Tornado shelters come in many options

A peek into the indoor storm shelter
A peek into the indoor storm shelter

WICHITA, Kansas – Kansans have long been told the safest place to be during a tornado is in the basement, but what happens when stairs become a challenge or a basement just isn’t an option?

“The biggest part of our population right now is the baby boomers, and they want to get away from stairs and basements,” said Tammi Hilger, Summit Realtors.

Hilger sells homes in what are known as courtyard communities. They are single level house built on concrete slabs.

“People instantly ask what do you do for storms?”

There are several options, including both in-ground and above-ground shelters outside the home.

Above ground shelter
Above ground shelter

Below ground shelter
Below ground shelter
In-house shelter takes up a small amount of space in the garage
An in-house shelter takes up a small amount of space in the garage. (KSN Photo)

“There are more and more people who don’t want to leave the shelter of their house, and they’d like to have a shelter in their garage,” said Dale Zogleman, Protection Shelters.

When you think about building a shelter inside your home, one of the obvious concerns would be space. but take a two car garage for example. The shelter itself fits right in the corner.

“This is our in house, in the garage is an above ground steel shelter,” said Zogleman.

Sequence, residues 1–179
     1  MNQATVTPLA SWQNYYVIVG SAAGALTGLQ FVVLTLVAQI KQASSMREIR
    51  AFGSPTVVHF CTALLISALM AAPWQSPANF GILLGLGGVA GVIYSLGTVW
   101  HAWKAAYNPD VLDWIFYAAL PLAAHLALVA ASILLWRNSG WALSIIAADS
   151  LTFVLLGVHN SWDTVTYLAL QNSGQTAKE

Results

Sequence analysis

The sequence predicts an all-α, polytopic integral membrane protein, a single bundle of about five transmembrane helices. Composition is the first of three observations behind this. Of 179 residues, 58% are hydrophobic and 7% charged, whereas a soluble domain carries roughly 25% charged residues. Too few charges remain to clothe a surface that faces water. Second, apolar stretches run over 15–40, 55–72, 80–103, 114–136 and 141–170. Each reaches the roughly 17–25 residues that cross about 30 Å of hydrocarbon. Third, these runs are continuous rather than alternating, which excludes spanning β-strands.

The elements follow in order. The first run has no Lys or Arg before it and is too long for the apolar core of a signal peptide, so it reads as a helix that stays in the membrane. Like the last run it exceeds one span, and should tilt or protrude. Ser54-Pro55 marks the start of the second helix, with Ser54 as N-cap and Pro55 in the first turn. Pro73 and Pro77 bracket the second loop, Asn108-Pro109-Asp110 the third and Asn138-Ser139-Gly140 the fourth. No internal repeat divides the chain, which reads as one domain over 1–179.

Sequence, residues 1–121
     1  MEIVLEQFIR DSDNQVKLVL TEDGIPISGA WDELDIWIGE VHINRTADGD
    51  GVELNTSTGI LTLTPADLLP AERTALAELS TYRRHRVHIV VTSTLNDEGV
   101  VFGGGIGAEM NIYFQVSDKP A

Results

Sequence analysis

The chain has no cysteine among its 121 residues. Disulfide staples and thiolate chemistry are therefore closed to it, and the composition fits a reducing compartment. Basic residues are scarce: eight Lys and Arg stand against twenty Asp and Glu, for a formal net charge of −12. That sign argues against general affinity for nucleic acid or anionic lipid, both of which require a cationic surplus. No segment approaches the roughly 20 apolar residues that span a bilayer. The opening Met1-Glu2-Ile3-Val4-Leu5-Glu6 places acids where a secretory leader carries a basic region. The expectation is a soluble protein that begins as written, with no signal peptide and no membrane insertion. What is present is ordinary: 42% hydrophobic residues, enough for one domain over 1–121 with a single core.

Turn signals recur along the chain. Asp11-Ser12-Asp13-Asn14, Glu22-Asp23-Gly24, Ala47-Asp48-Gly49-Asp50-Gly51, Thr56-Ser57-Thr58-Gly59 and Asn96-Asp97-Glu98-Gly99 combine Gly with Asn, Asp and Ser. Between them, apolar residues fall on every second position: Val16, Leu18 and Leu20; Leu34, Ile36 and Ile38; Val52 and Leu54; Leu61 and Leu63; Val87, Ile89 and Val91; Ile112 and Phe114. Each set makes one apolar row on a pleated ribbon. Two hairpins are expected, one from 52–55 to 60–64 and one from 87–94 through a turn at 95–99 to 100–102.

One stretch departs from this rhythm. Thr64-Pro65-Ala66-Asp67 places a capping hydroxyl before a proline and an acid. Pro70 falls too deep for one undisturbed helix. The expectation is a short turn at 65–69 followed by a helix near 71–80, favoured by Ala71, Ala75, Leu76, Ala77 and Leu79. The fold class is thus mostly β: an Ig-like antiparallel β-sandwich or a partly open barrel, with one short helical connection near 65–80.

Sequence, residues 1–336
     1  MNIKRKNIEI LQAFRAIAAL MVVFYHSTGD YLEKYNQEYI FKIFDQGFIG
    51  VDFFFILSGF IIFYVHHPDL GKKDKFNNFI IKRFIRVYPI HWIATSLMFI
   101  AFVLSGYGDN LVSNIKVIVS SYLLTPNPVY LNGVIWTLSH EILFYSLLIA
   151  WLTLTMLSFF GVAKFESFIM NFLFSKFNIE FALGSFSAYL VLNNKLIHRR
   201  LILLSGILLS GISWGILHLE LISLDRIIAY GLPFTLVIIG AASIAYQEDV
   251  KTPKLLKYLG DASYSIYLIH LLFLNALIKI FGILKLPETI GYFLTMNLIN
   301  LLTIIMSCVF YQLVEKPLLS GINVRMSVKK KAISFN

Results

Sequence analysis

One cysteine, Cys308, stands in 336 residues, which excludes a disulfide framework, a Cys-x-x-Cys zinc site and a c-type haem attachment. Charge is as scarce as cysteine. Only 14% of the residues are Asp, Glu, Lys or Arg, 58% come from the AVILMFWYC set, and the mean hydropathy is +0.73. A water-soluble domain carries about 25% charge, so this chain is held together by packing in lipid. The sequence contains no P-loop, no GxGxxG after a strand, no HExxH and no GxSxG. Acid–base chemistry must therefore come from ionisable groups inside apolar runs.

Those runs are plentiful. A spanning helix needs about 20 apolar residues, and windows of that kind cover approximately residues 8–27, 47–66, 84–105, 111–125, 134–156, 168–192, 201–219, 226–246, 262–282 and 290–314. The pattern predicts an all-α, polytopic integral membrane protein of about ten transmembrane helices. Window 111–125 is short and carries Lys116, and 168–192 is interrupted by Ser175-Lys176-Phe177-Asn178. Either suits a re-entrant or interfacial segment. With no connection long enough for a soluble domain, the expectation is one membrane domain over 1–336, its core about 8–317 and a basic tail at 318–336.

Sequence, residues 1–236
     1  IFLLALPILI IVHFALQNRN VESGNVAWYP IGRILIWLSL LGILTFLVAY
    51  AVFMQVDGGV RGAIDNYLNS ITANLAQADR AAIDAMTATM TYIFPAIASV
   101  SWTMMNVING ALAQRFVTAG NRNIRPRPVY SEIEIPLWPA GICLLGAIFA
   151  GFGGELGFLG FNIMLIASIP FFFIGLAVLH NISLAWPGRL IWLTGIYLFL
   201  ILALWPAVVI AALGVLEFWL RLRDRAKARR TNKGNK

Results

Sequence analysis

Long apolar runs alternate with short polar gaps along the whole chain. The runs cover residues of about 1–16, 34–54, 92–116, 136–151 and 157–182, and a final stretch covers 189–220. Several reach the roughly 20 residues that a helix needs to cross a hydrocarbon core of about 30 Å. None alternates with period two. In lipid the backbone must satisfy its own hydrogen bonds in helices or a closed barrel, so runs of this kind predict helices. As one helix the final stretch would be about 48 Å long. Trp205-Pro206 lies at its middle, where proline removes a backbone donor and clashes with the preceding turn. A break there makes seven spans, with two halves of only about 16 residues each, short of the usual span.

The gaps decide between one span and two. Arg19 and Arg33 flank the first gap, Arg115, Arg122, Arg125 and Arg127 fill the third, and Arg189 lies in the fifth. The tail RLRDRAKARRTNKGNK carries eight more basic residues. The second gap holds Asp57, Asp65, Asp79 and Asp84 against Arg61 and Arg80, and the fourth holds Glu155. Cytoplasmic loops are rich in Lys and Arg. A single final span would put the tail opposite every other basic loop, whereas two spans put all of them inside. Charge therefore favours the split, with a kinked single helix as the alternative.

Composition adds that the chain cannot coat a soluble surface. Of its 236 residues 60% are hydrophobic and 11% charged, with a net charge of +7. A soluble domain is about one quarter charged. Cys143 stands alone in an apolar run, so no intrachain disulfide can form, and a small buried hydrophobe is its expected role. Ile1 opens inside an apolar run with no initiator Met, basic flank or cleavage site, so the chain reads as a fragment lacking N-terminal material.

This particular model is four feet by six feet and runs in the neighborhood of $4,000.

“It has 110,000 pound crush proof strength, so basically what it means is you could take the entire framework of this house, throw it on a tractor-trailer, dump in on that shelter and it wouldn’t crush it.”

He tells us that based on testing at Texas Tech University, it could withstand winds of up to 250 miles per hour.

“The nice thing about a steel storm shelter is that you can do it when you build a new home or if you think oh, I don’t want to spend the money up front, but you have a close call and think, oh I need to add a storm shelter, you can add it later,” said Tammi Hilger.

Rather than waiting for that close call, more homeowners are getting proactive by choosing in-home shelters as a way to stay safe in Kansas storms.

A peek into the indoor storm shelter
A peek into the indoor storm shelter

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